The social media landscape is ever-changing and evolving, and some of the trends that we have seen over the past nine months since the release of our Q2 2012 dataset have been fascinating.

These trends are covered in our latest Stream Social Q1 2013 report, and the most significant trends are:

  • A rise in active engagement across all social platforms with Twitter the fastest growing
  • Local social platforms continue their decline around the world with the exception of China and Russia
  • Mobile is playing a massive role in driving real-time active usage of social platforms in all markets
  • Older internet users are also driving social platforms growth globally
  • Google+ remains the number 2 social platform in the world with 359 million monthly active users

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Starting with Facebook, the world’s largest social network has seen its total number of active users (defined by those who have used or contributed to the service in the past month) increase by 35% between Q2 2012 and Q1 2013. Twitter has seen even faster active user growth, and at 44% growth in the same period, is currently the fastest-growing social platform in the world by active users. Google+ continues to register strong growth as well with its active users base growing by 33% between Q2 2012 and Q1 2013.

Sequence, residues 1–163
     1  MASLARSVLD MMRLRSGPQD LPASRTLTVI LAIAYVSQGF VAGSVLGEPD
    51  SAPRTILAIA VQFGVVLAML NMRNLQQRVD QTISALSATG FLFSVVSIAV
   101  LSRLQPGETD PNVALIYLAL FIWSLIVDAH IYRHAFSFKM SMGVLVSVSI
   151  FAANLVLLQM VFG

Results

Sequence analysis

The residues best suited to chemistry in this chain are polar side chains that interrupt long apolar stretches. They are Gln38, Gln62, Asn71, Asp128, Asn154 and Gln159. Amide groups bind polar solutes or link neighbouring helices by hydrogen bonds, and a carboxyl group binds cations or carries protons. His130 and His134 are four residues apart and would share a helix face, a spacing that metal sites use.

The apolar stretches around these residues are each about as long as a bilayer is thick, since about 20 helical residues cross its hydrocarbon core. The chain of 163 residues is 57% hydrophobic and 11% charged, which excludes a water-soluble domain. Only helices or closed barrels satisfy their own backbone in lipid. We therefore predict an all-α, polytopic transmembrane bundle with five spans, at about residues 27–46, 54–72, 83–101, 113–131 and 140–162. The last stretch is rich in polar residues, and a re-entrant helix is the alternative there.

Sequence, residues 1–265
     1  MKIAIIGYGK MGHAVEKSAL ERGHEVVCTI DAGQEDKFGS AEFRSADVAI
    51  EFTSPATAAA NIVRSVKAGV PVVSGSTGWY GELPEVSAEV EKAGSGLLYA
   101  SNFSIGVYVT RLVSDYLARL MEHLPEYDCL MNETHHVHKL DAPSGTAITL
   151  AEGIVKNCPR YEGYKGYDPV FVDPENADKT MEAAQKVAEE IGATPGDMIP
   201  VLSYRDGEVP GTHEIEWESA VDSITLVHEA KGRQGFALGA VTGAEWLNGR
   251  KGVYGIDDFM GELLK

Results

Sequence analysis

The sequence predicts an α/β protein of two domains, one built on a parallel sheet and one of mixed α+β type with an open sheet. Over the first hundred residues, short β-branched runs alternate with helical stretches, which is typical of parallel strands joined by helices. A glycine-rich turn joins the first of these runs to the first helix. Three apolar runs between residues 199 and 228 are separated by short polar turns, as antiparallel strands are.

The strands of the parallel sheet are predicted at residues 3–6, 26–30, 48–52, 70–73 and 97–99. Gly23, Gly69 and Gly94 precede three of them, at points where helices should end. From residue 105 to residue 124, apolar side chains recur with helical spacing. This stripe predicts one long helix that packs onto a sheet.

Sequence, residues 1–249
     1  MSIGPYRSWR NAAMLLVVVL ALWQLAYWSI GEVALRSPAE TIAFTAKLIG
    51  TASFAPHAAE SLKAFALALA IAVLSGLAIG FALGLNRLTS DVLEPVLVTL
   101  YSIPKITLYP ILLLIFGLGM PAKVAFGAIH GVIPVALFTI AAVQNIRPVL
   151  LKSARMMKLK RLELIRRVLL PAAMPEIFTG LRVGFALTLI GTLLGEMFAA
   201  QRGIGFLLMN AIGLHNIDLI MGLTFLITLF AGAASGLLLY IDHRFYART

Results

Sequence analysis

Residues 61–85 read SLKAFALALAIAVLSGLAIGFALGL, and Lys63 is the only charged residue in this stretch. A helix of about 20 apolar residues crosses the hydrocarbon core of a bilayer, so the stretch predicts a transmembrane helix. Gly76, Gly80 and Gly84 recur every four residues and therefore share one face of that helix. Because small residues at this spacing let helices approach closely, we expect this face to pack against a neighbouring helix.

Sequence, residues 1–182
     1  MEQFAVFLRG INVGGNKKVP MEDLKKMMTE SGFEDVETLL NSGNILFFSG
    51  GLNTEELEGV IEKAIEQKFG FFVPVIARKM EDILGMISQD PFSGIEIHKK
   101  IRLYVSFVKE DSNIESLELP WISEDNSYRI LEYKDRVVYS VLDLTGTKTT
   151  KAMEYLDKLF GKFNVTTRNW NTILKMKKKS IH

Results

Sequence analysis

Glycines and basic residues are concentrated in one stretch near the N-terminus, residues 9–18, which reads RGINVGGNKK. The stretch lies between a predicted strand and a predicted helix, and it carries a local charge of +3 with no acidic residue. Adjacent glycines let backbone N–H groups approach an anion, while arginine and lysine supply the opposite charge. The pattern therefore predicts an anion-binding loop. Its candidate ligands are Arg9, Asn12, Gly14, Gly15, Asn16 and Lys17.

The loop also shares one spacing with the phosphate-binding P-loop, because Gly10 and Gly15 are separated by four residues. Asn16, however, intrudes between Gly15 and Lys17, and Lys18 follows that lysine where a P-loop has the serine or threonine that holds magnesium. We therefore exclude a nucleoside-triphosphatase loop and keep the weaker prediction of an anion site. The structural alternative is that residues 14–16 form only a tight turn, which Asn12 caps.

The driving forces behind these impressive performances – especially interesting given the evidence of “Facebook Fatigue” we found couple years ago – are two key factors: mobile and older users.

Mobile is by far the main factor, and since Q1 2011, the number of people access the internet via a mobile phone has increased by 60.3% to 818.4 million across the 31 GWI markets.

Further evidence to support the fact that mobile is driving social can be found when we compare the active social platform usage of iOS and Android users to the average. iOS and Android users are significantly more likely to use Facebook, Twitter and Google+ compared to the average internet user around the world. For example, iOS users in Germany, France, the Netherlands, the US,and the UK are nearly twice as likely to use Twitter compared to the average and in Poland, they are four times more likely to use the micro-blogging service.

The impact of older user groups is more limited but still significant. Between Q2 2012 and Q1 2013 Twitter’s fastest growing age demographic was 55 to 64 year olds, registering an increase in active users of 79%. Both Facebook’s and Google+’s fastest growing age demographic was 45 to 54 year olds, growing by 46% and 56% respectively.

Importantly, these trends have increased Facebook’s active user to accounts ratio to 82% while Twitter and Google+ see their active user ratios at 62% and 60% respectively.

It is clear that both the social platforms and the marketers that use them to engage consumers will need to adopt a mobile first strategy in future.

This brings with it significant opportunities for brands to leverage social, mobile, in-store, TV, outdoor, and print using creative, integrated campaigns and engagement strategies.

In my opinion, we are just starting to see the innovation in marketing that will occur due to the constantly connected world that is emerging, and I’m excited about the opportunities and innovations to come!


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